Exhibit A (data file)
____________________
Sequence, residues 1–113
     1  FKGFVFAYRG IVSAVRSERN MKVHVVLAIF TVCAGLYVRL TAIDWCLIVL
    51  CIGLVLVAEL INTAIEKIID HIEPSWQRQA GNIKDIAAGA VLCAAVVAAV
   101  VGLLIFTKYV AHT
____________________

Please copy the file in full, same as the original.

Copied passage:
Sequence, residues 1–113
     1  FKGFVFAYRG IVSAVRSERN MKVHVVLAIF TVCAGLYVRL TAIDWCLIVL
    51  CIGLVLVAEL INTAIEKIID HIEPSWQRQA GNIKDIAAGA VLCAAVVAAV
   101  VGLLIFTKYV AHT